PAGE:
FIT TO GET ENDOWMENT: The Fashion Institute of Technology will receive a $300,000 endowment from Retail Brand Alliance and United Way of New York City. The scholarship fund will be presented at a reception June 27 at the Manhattan-based school. The money will initially provide five full-tuition scholarships to students who were directly affected by the events of Sept. 11, and in later years to other eligible students. The funds will be distributed through FIT’s Education Foundation for the Fashion Industries. Retail Brand Alliance is the parent company of Casual Corner Group, Adrienne Vittadini, Carolee Designs and Brooks Bros.

This story first appeared in the June 25, 2002 issue of WWD. Subscribe Today.

DOOR OPEN AT BENETTON: Benetton denied Monday that it has decided to sell its money-losing sporting goods unit, but clearly, it is leaving its options open. “No decision has been made,” a spokesman said. Benetton did say it has received expressions of interest and it is open to alliances and partnerships. Benetton said its sporting goods business, which includes the Nordica, Prince, Rollerblade and Killer Loop brands, posted a loss of $46.6 million in 2001, while this year’s loss should shrink to $15.5 million. Dollar figures are converted from euros at current exchange.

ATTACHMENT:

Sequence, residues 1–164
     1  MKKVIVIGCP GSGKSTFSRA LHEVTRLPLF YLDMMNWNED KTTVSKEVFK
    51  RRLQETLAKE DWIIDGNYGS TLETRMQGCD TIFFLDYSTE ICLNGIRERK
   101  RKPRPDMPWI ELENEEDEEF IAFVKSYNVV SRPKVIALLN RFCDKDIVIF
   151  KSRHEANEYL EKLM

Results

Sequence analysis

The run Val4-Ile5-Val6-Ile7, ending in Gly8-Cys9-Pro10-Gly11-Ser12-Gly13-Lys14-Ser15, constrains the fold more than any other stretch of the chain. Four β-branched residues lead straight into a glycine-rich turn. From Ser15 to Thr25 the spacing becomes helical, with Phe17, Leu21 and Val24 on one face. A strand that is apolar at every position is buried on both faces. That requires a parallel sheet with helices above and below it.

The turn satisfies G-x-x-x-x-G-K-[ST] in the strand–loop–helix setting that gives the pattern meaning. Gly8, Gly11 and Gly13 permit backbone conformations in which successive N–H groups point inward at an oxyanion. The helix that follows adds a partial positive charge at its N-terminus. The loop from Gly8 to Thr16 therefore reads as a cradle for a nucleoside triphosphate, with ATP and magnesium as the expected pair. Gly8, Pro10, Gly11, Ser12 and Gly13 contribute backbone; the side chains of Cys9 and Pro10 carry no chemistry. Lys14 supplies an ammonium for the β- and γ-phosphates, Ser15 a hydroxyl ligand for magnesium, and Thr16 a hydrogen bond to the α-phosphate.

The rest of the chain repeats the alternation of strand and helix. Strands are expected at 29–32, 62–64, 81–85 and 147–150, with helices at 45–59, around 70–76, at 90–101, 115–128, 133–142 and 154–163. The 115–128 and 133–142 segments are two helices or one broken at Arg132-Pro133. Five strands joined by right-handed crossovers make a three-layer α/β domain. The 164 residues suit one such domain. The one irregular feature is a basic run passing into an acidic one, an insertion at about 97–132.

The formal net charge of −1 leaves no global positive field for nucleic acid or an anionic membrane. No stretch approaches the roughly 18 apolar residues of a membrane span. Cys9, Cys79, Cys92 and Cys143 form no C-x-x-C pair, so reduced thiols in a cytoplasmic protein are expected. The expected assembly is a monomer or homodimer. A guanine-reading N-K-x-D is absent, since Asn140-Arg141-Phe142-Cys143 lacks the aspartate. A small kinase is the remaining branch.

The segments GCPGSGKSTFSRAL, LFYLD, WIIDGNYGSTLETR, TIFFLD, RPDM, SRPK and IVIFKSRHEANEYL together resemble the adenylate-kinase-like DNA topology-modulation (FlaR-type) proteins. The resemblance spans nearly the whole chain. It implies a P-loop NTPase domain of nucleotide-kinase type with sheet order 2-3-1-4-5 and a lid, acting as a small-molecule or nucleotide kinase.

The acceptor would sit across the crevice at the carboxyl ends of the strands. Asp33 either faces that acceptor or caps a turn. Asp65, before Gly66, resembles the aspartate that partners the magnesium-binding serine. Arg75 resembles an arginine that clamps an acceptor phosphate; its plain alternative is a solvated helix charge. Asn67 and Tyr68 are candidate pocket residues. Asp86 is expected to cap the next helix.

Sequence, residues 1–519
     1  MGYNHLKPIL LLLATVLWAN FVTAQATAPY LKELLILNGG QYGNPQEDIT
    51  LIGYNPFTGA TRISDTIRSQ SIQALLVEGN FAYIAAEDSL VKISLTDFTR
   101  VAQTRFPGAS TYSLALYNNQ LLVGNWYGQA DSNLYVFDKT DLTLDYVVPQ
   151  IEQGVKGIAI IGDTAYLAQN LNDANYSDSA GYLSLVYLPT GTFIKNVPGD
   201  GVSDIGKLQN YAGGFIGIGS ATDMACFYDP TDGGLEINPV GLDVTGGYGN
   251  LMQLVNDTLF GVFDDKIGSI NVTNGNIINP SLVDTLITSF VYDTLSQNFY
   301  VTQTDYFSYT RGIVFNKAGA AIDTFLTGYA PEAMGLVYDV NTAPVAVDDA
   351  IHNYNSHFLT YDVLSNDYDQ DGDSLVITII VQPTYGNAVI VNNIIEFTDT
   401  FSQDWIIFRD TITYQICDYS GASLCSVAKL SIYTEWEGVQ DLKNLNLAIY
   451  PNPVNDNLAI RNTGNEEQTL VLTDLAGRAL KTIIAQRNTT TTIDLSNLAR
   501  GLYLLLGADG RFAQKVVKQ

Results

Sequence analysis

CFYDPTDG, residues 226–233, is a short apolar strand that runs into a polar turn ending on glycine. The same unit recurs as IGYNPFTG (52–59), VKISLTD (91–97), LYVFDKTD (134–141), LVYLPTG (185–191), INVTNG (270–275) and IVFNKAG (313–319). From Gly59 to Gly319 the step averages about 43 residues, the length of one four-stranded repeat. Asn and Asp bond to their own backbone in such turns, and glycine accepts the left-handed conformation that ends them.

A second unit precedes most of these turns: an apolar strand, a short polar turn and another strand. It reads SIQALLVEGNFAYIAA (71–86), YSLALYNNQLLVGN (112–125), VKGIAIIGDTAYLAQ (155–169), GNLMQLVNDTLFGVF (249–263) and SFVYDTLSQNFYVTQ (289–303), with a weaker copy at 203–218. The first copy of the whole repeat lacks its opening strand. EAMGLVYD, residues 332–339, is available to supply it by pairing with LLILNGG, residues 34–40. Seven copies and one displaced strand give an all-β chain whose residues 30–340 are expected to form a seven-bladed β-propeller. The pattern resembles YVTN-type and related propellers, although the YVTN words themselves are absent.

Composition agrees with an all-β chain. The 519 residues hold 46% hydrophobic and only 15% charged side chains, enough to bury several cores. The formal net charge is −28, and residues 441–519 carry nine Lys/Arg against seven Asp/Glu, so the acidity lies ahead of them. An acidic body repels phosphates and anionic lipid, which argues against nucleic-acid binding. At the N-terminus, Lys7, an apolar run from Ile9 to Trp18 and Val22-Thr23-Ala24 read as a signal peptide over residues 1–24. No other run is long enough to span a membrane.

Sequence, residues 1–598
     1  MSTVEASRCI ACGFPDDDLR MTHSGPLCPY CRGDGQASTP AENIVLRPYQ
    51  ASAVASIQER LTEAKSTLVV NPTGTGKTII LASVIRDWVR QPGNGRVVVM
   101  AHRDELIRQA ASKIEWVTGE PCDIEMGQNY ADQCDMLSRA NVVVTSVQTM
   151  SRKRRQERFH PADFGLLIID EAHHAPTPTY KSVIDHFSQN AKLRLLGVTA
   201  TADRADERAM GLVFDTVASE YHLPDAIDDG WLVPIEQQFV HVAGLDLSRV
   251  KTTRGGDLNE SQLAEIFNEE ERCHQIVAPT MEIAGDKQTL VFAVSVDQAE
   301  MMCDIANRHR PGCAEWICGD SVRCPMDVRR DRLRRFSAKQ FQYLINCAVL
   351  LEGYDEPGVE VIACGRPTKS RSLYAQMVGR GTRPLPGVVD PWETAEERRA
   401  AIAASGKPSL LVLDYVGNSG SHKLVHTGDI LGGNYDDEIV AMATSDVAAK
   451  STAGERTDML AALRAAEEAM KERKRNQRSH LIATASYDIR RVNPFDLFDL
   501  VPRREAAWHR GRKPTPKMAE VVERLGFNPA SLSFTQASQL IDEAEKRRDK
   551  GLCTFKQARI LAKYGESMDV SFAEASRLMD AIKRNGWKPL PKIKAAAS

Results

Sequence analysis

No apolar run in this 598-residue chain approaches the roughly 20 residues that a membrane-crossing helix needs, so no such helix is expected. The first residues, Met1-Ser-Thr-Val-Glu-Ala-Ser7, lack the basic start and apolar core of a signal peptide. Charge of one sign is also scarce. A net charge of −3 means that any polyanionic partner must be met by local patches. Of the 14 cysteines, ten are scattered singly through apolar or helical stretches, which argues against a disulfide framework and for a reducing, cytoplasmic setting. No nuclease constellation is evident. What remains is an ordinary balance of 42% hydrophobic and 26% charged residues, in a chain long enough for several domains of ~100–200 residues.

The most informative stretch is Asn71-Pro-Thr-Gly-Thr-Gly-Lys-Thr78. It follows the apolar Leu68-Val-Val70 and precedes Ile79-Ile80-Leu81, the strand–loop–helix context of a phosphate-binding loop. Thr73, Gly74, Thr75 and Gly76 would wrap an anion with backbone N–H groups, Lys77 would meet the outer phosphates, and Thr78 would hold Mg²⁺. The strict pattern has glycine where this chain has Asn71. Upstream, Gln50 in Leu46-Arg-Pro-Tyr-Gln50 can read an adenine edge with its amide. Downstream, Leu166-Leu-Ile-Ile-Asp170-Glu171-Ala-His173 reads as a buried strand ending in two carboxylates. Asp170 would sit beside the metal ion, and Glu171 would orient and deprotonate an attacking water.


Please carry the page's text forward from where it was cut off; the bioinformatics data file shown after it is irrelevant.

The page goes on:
NEW ZALE CHIEF: Zale Corp. said Monday that Mary L. Forte will become chief executive officer on Aug. 1, succeeding Robert J. DiNicola, who will continue as chairman in a nonexecutive capacity. Forte, a 26-year veteran of retailing, has been Zale’s executive vice president and chief merchandise officer since February 2001 and was instrumental in the company’s turnaround over the last 18 months. She joined Zale in July 1994 as president of its Gordon’s Jewelers division, which she upgraded, and became executive vice president and chief administrative officer in January 1998, where she was involved in the Peoples Jewellers of Canada and Piercing Pagoda acquisitions. Prior to Zale, she held executive jobs at QVC, The Bon Marche and Rich’s. Zale is the nation’s largest fine jewelry specialty retailer. DiNicola’s retirement — his second from the corporation — was planned. He first became chairman and ceo of Zale in 1994, retired in 1999, and returned in February 2001 to get the retailer back on track.

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